Taking the targeters to task
But the multiple-choice format rarely reflected a student's actual ability. On the one hand you had the weak student who, by a massive fluke, scored 15 out of 20 and had to be predicted a high grade; on the other, you had the keen grafter who, because the tasks were invariably pointless and incomprehensible, got an embarrassingly low mark.
Why all this dwelling on the past? Well, there are many language teachers who are content with the current "English question" GCSE testing format and who would prefer to have it left in peace. Almost immediately the format was introduced there was a marked increase in numbers taking languages on to GCSE and a transformation in attitudes to exam preparation among previously reluctant students. But just as we've settled into a fully-understood routine (such as our European colleagues have enjoyed for decades), "they" have resolved to change it all (again).
The "English question" format works well because it accurately reflects reality for the vast majority of candidates: it is likely that they will travel to France and will need to come to terms with everyday signs, notices, leaflets, announcements, things that people say to them, etc. They will want to know what these things mean. They will want to interpret them and act on them; they will need practice in doing these intensely practical, totally authentic and useful things. The joy of working in this way is that students understand the point of these activities. Preparation for the exam (learning vocabulary, practising with similar materials, working in self-service resource centres, etc) seems worthwhile.
But the mania for "target language" teaching threatens to sweep away much that is good in current practice. Hardly any of its proponents are practising classroom teachers, but they claim that having English in GCSE questions will have a "backwash" effect and pollute the entire system with English.
This is plain nonsense. All the professionals I know use the target language in all their teaching and ask their students to do so too. It doesn't, however, make them question the wisdom of using, in public exams, an authentic method of questioning which works. The only time it would potentially poison the atmosphere would be in the few months leading up to the exams; but the very nature of practising listening and reading is that students work on their own, so the lessons needn't be affected at all.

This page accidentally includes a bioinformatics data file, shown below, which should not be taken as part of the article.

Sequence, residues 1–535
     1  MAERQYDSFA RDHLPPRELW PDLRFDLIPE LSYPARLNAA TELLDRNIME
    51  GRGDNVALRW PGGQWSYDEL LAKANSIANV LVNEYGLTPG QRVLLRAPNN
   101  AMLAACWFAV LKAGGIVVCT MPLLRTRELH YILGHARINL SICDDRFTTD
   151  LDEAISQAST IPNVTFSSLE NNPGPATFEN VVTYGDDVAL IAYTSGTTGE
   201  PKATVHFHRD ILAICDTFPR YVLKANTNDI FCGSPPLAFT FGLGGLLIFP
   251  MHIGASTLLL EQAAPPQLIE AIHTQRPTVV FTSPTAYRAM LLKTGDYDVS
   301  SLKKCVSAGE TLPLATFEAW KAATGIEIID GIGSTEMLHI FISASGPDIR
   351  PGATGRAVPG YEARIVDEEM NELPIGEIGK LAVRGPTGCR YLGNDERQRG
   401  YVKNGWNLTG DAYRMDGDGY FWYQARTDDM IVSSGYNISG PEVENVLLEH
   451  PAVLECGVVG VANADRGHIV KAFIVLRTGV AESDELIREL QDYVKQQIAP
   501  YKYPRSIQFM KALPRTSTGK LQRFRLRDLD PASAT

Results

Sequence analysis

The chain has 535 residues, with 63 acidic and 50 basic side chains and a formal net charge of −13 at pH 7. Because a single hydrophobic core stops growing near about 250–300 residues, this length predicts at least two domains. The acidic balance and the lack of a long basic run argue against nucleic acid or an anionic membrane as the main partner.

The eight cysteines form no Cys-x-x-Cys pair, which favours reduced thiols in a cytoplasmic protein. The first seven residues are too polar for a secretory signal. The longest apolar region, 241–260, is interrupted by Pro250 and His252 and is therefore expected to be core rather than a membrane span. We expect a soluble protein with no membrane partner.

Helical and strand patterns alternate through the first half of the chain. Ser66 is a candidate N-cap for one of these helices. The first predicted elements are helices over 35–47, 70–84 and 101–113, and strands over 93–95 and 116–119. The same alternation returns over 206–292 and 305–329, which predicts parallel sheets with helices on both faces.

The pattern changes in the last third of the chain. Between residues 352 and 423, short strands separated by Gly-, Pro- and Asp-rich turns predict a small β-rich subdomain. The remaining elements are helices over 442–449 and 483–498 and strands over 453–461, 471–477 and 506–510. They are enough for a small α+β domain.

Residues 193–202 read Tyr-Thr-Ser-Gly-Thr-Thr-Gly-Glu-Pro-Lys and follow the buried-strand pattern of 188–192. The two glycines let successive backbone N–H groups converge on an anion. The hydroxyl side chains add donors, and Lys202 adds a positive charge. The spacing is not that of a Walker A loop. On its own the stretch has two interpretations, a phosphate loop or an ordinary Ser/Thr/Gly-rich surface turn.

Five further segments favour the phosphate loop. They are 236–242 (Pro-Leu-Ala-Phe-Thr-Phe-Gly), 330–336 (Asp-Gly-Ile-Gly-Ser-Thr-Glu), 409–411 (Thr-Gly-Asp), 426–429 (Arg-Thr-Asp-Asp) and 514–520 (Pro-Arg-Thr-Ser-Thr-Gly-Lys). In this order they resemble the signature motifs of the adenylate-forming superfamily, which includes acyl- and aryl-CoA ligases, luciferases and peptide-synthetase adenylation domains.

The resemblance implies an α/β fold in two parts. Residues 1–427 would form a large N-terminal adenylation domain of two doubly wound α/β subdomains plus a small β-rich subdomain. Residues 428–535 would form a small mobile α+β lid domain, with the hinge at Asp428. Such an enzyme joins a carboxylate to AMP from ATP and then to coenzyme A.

Has the student understood? Yes or no? The exam in its current format tells us, but target language fetishists think they can answer any suggestions that they might have got it wrong. They claim that there are "Ways To Do It!" Press them on exactly what those ways are and the replies are depressingly predictable: a catalogue of ticking boxes out of a series of pictures; putting "True or False"; selecting from various alternative answers, etc. (See Target Language Questioning, a document from the School Curriculum and Assessment Authority currently being used by exam boards as a blueprint for 1998.) What these tasks have in common is that they are totally devoid of authenticity and have been created solely as exam exercises.
"Mixed task assessment!" I hear the targeters cry. Oh yes? Do we really want to go back to the days when students had understood something but got no credit because they failed to express the answer correctly? That would make a nonsense of the basic pillars of the national curriculum, the four attainment targets.
For the past few years, teaching even low ability students to GCSE has been a pleasure. Now, for no coherent reason, we're changing again. No teachers I know want it, but they have got used to accepting anything that's thrown at them. They are too tired, too intimidated, too used to being led "from the top". But then again, why worry? In a year or so they'll change it all again.
Gary Shawford is a teacher in Worcester